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LCB, Issue #105 --, Fight to the Last Breath
March 01, 2024

Fight to the Last Breath

Lapoc Chess Board, Issue #105 -- GOTM #75

learn and play online chess
Sometimes things don't go your way. You find yourself staring down the barrel of defeat. The position is objectively hopeless. You might as well resign. But then we remember the words of the great tactician Savielly Tartakower: “No one ever won a game by resigning.”

What is to be gained by struggling on in the face of overwhelming odds? Well for one you will train yourself to find hidden defensive resources. It's amazing how much you can effect your opponent psychologically by continuing to set difficult problems instead of crumbling.

That's the defensive argument. What about an offensive argument? Can you attack in such a situation? Bold energetic play through tactical strikes may worry your opponent significantly.

Such a game took place in Gotha, Germany in 1957. Our protagonists were Bogdan Sliwa of Poland with White and David Bronstein of the USSR who played with the Black pieces.

Fight to the Last Breath

Sliwa,Bogdan - Bronstein,David [A81]

GotM #75, Gotha, 1957
[Annotation taken from Wikipedia]

The Immortal Losing Game is a chess game between the Soviet grandmaster David Bronstein and the Polish International Master Bogdan Śliwa played in 1957 in Gotha. The name is an allusion to the more famous Immortal Game between Adolf Anderssen and Lionel Kieseritzky. The game acquired its name because Bronstein, in a completely lost position, set a series of elegant traps in an attempt to swindle a victory from a lost game, although Śliwa deftly avoided the traps and won.

1.d4 f5 2.g3 g6 3.Bg2 Bg7 4.Nc3

(4.c4 Nf6)


Game position after 4...Nf6

Both players have fianchettoed their bishops. If White had played the now- standard 4.c4 instead of 4.Nc3, the Leningrad Variation of the Dutch Defence would have been reached.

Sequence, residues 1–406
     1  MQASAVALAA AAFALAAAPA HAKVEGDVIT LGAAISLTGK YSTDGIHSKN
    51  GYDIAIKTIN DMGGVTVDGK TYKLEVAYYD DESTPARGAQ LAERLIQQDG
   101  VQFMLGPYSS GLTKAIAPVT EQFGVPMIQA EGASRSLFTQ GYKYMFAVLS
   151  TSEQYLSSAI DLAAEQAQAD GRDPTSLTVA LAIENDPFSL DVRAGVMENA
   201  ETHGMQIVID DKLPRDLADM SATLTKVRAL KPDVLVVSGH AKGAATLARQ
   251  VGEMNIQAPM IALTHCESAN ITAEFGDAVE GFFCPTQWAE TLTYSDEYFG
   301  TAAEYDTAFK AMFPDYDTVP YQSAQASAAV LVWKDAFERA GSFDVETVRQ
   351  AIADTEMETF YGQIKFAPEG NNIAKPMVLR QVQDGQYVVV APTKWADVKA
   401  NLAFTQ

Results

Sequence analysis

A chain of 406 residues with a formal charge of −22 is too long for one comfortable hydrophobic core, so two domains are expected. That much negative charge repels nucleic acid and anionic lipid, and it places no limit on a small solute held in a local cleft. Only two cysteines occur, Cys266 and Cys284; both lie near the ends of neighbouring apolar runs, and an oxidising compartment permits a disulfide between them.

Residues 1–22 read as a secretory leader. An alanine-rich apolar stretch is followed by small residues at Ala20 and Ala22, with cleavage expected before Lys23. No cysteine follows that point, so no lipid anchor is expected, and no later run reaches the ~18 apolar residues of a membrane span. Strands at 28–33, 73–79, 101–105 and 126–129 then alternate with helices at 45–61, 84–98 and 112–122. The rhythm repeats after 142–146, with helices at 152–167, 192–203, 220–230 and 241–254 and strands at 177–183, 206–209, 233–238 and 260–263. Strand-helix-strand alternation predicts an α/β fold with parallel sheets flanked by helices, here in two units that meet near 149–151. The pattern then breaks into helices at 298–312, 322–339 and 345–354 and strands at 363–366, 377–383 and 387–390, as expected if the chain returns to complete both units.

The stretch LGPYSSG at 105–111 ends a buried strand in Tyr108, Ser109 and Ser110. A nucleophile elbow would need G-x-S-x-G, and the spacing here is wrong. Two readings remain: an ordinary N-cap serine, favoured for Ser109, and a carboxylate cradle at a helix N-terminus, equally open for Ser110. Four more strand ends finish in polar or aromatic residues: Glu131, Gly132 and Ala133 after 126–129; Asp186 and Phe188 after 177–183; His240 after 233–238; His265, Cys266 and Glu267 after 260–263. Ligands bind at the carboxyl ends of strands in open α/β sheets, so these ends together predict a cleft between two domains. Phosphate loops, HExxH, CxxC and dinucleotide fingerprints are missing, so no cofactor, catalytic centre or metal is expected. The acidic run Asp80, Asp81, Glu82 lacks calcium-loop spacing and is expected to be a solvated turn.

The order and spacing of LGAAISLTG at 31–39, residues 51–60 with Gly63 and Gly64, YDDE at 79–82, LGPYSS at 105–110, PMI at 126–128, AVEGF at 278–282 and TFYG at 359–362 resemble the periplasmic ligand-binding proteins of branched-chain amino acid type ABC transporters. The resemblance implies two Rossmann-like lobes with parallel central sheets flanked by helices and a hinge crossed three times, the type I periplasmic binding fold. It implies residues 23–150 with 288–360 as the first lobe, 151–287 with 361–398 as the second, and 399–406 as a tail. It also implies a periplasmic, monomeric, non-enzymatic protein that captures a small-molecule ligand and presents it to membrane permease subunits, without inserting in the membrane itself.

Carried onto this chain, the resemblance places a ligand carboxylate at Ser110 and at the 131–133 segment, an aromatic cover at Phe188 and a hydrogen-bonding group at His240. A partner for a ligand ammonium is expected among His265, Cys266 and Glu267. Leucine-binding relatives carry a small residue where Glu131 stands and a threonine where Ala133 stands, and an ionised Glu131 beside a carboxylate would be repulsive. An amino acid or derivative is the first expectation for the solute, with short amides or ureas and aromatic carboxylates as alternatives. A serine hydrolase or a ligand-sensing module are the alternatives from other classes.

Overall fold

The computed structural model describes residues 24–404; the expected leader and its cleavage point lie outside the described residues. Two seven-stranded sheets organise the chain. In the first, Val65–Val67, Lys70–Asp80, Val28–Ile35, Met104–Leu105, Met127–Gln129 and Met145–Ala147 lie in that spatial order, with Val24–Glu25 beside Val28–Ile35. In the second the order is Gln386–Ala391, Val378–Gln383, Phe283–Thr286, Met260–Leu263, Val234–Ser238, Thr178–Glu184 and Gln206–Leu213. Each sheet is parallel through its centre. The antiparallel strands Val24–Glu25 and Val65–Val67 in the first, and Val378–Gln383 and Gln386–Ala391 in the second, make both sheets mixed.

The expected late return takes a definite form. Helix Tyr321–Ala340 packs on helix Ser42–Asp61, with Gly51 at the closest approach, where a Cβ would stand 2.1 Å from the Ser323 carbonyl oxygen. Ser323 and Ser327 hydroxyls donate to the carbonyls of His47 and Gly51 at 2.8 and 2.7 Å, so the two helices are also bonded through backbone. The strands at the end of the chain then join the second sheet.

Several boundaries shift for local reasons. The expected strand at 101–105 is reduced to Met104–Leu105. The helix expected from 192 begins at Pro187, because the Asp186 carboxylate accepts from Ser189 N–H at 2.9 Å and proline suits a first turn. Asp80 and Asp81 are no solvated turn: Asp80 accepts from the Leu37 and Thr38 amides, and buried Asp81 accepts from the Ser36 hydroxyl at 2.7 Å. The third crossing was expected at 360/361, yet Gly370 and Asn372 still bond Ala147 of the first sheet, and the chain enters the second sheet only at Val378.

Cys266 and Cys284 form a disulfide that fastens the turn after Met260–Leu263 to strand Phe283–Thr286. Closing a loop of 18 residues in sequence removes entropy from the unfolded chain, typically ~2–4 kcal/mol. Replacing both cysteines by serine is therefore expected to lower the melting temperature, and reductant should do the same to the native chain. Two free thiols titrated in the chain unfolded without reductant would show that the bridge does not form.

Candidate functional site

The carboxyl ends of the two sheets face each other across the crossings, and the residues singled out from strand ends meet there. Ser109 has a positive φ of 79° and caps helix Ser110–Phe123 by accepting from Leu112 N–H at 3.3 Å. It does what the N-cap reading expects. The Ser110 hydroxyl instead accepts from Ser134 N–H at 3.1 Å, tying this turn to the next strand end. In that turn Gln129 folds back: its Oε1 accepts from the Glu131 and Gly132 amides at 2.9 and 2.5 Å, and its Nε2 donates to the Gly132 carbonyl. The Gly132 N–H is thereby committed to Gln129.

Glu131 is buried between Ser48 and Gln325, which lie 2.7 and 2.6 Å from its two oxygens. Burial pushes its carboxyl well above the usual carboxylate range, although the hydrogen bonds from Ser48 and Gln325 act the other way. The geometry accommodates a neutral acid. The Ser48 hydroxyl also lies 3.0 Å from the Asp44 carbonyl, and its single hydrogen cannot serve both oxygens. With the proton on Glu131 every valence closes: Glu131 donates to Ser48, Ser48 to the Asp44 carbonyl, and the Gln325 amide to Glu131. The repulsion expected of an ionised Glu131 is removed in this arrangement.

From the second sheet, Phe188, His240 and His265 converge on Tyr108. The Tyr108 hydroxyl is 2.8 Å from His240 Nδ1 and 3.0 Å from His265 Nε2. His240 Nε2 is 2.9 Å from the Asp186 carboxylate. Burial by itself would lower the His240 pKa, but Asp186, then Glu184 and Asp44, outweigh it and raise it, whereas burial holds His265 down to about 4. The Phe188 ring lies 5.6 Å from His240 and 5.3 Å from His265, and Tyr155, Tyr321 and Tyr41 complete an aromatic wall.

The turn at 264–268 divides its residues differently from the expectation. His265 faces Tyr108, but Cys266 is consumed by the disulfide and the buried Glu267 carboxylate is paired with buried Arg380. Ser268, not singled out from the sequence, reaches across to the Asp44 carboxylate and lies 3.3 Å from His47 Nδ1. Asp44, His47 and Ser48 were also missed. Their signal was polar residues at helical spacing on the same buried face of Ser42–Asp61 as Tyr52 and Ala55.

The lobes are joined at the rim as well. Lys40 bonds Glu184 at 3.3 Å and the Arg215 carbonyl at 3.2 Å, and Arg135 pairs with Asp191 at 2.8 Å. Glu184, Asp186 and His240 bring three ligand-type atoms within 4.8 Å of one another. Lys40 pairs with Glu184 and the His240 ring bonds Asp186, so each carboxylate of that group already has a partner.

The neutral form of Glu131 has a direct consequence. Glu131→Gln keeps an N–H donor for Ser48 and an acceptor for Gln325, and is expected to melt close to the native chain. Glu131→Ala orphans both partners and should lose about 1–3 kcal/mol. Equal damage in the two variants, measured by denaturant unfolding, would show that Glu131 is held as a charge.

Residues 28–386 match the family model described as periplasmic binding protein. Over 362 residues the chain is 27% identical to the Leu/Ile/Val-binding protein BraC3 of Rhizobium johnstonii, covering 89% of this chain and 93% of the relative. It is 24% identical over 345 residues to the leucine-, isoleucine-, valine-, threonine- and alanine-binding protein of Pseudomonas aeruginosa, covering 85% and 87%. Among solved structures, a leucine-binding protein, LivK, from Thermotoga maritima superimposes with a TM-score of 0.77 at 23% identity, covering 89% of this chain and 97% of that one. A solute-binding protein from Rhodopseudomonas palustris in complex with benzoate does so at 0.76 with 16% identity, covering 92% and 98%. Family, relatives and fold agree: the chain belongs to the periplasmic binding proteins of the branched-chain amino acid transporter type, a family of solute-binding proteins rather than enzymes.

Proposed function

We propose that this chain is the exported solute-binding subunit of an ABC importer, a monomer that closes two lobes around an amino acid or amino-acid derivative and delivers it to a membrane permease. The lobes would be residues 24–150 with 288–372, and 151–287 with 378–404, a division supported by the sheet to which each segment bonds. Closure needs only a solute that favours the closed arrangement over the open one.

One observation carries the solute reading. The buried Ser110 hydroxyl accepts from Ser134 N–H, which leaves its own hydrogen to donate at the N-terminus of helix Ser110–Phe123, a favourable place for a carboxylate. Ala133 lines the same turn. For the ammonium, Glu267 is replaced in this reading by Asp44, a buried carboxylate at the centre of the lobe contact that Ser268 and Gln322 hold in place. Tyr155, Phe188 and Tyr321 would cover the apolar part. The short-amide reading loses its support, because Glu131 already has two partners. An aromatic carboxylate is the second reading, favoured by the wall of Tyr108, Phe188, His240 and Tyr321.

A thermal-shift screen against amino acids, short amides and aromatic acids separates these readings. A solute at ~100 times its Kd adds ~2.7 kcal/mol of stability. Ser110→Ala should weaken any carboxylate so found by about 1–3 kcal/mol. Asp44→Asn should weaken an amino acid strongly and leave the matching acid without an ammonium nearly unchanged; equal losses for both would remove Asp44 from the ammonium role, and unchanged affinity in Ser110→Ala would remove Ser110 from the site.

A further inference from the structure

5.Bg5 Nc6 6.Qd2 d6 7.h4 e6 8.0-0-0 h6 9.Bf4 Bd7 10.e4 fxe4 11.Nxe4 Nd5 12.Ne2 Qe7 13.c4 Nb6?

Game position after 13...Nb6?

(Better is 13...Nxf4 14.Nxf4 Qf7)

14.c5! dxc5 15.Bxc7! 0-0? 16.Bd6

Game position after 16.Bd6

White wins the exchange by skewering Black's queen and rook.

16...Qf7 17.Bxf8 Rxf8 18.dxc5 Nd5 19.f4 Rd8 20.N2c3 Ndb4? 21.Nd6 Qf8 22.Nxb7 Nd4!

Game position after 22...Nd4!

(If 22...Rb8 then 23.Qxd7+-)

23.Nxd8 Bb5! 24.Nxe6!

Game position after 24.Nxe6!

(24.Nxb5?! Qf5! 25.Nxd4?? a) 25.Qxb4?? Qc2#; b) 25.Nc3?? Nxa2+! 26.Nxa2 Nb3#; c) 25.Rde1?? Nxa2+ 26.Kd1 Qb1+ 27.Qc1 Qxc1#; d) 25.b3 Qxc5+ 26.Kb1! (26.Nc3?? Ne2+! 27.Qxe2 Qxc3+ 28.Kb1 Qa1#) 26...Qf5+ 27.Kc1 Qc5+ draws by perpetual check.; e) White can still probably win with 25.Qf2 Nxa2+ 26.Kd2 Nxb5 27.Ke1; 25...Nxa2#)

24...Bd3! 25.Bd5!

(If 25.Nxf8?? then 25...Nxa2+ 26.Nxa2 Nb3#)

25...Qf5! 26.Nxd4+ Qxd5! 27.Nc2!

Game position after 27.Nc2!

(If 27.Nxd5?? then 27...Nxa2#)

27...Bxc3 28.bxc3!

(If 28.Qxc3?? then 28...Nxa2+ wins the Queen.)

28...Qxa2 29.cxb4!

Game position after 29.cxb4!

and Black finally gives up and resigns.(Ken Connaughton)

(29.Nxb4 Qb1#)


Sliwa,Bogdan - Bronstein,David [A81]

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